It’s all part of a learning process. “We will learn how well the system operates in the unique multipath environment of the moon,” Edwards says. “We will gain experience setting up and controlling a lunar 4G network remotely from earth.”

Nokia’s role in the future lunar economy

This video shows what it will look like when a rover is deployed on the surface of the moon.Video: Nokia Bell Labs

The IM-2 mission is only one part of Nokia’s lunar ambitions. Together with NASA, it conducted a study for a 3GPP-based (Third Generation Partnership Project) lunar surface network for future Artemis missions, and Nokia has been working with the U.S. Defence Advanced Research Projects Agency to design an integrated multiservice architecture to support a future lunar economy.

“Humanity has always been fascinated by space, and that interest has only intensified in the 21st Century,” says Klein. “We are sending more humans and more machines into space to explore, study and even pursue new business ventures.

“Wherever these humans and machines go in the solar system, they will need communications. Nokia is prepared to make that journey with them.”

NASA’s schedule for returning to the moon

2022 Artemis I, uncrewed lunar flyby test flight
2024 Uncrewed landings of scientific instruments, including IM-2 with Nokia 4G equipment
2025 Uncrewed landings of scientific instruments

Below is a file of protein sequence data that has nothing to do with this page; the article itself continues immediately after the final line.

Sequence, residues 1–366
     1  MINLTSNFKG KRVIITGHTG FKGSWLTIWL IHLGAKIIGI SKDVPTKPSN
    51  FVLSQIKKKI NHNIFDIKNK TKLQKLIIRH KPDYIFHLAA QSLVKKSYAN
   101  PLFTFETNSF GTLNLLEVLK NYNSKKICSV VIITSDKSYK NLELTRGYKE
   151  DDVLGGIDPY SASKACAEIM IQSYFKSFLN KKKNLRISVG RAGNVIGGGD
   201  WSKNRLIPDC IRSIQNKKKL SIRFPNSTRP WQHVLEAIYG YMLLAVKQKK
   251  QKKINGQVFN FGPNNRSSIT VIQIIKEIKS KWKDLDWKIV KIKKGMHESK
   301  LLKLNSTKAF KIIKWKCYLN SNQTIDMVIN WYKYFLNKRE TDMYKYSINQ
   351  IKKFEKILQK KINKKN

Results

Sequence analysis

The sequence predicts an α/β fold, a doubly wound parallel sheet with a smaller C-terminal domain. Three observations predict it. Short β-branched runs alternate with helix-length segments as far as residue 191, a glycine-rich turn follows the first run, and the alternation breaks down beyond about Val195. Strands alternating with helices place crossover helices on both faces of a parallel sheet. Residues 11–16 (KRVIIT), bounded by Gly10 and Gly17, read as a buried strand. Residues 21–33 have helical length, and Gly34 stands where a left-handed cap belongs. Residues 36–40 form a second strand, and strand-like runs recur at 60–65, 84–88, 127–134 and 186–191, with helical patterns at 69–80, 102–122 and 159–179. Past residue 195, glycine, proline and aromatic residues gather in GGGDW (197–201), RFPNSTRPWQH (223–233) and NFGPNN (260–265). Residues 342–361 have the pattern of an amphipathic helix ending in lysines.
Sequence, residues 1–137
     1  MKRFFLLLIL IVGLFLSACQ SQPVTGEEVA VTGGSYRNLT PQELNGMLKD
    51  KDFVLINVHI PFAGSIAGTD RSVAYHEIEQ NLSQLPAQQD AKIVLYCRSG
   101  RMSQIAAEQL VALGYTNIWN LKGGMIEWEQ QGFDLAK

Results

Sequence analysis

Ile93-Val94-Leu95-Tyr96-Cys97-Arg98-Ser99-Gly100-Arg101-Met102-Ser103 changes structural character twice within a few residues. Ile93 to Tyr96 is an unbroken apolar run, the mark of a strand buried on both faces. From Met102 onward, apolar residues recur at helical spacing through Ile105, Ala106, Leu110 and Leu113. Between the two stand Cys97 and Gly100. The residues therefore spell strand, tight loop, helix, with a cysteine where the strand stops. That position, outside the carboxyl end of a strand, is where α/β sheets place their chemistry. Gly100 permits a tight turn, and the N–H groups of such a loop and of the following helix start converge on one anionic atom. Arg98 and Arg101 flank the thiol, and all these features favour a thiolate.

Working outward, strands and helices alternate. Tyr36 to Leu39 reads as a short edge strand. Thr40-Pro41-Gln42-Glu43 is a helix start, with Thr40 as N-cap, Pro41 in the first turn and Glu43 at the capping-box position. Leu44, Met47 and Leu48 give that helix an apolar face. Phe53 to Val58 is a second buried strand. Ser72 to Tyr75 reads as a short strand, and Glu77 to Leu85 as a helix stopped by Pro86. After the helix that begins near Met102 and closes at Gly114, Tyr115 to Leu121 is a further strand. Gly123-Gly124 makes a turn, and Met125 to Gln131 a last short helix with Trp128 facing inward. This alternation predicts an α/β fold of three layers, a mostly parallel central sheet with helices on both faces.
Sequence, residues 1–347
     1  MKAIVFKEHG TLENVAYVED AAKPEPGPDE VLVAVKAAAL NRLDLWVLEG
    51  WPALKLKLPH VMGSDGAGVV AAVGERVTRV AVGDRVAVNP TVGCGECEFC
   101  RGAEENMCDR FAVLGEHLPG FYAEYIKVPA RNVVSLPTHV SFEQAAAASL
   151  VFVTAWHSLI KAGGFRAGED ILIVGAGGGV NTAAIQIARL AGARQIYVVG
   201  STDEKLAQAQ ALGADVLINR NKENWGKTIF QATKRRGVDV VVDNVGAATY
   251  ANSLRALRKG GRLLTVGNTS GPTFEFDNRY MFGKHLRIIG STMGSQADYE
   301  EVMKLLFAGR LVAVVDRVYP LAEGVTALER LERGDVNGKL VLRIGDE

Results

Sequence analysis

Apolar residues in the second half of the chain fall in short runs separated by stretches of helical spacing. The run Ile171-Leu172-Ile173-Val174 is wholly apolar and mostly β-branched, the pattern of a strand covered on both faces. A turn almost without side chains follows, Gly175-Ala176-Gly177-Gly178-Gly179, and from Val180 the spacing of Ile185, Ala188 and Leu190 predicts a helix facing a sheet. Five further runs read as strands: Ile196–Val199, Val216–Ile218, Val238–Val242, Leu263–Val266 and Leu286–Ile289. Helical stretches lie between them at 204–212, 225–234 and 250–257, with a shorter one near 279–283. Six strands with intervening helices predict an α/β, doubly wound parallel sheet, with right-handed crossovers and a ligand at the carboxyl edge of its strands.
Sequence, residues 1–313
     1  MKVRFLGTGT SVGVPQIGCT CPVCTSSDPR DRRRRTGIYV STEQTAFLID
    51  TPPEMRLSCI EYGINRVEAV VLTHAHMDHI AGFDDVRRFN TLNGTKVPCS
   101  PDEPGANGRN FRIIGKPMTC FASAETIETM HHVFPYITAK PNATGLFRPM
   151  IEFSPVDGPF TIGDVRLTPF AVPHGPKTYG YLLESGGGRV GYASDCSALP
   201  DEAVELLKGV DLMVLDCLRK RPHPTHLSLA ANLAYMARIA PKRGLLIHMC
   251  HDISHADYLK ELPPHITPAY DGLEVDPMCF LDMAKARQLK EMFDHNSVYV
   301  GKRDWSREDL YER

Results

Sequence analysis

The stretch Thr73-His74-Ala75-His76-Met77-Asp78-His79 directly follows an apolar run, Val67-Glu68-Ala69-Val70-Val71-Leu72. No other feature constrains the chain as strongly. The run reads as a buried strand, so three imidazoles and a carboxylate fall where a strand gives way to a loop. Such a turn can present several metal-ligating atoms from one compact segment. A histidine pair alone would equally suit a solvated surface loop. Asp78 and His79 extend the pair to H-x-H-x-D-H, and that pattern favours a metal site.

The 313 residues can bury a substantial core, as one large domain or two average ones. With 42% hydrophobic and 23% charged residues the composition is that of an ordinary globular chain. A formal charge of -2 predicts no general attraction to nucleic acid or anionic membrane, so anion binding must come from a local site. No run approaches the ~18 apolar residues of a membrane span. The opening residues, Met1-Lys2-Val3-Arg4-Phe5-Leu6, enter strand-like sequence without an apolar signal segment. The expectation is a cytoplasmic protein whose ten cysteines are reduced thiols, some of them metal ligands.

Uncrewed support missions to deliver equipment
Artemis II, crewed lunar flyby
2026 Uncrewed support missions to deliver equipment                                                                                Artimis III, crewed lunar landing
2028 Artemis IV, crewed lunar landing
2030 Artemis V, crewed lunar landing
2031 Artemis VI, crewed lunar landing

Did you know? Finland is no stranger to space exploration

Finland has a rich history of space science and exploration that continues to this day. Geomagnetism, the ionosphere and space weather studies have historically been Finnish strengths. Finland has also embraced collaboration, providing a plasma analyser for the Soviet Union’s Phobos 1 Mars probe in the 1980s and joining groups such as the European Space Agency in 1987.

Bell Labs, which became part of Nokia with Nokia’s acquisition of Alcatel-Lucent in 2016, also has extraterrestrial experience. Bell Labs worked with NASA to launch Telstar 1, the first communications satellite to transmit TV signals, in 1962, and assisted with the Mercury, Gemini and Apollo programmes. Bell Labs researchers Arno Penzias and Robert Wilson discovered the background radiation left over from the Big Bang in 1964, garnering the 1978 Nobel Prize in Physics.

By David J. Cord, June 2024